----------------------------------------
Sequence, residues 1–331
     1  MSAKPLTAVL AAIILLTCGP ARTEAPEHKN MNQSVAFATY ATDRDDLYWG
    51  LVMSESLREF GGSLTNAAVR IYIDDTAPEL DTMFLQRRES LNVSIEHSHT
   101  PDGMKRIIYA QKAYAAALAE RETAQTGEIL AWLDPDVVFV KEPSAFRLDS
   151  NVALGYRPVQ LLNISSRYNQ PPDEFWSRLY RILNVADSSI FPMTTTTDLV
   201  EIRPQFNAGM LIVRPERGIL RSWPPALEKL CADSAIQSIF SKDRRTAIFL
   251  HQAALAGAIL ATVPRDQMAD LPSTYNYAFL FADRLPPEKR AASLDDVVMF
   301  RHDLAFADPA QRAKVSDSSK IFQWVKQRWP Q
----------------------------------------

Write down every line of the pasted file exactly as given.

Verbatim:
Sequence, residues 1–331
     1  MSAKPLTAVL AAIILLTCGP ARTEAPEHKN MNQSVAFATY ATDRDDLYWG
    51  LVMSESLREF GGSLTNAAVR IYIDDTAPEL DTMFLQRRES LNVSIEHSHT
   101  PDGMKRIIYA QKAYAAALAE RETAQTGEIL AWLDPDVVFV KEPSAFRLDS
   151  NVALGYRPVQ LLNISSRYNQ PPDEFWSRLY RILNVADSSI FPMTTTTDLV
   201  EIRPQFNAGM LIVRPERGIL RSWPPALEKL CADSAIQSIF SKDRRTAIFL
   251  HQAALAGAIL ATVPRDQMAD LPSTYNYAFL FADRLPPEKR AASLDDVVMF
   301  RHDLAFADPA QRAKVSDSSK IFQWVKQRWP Q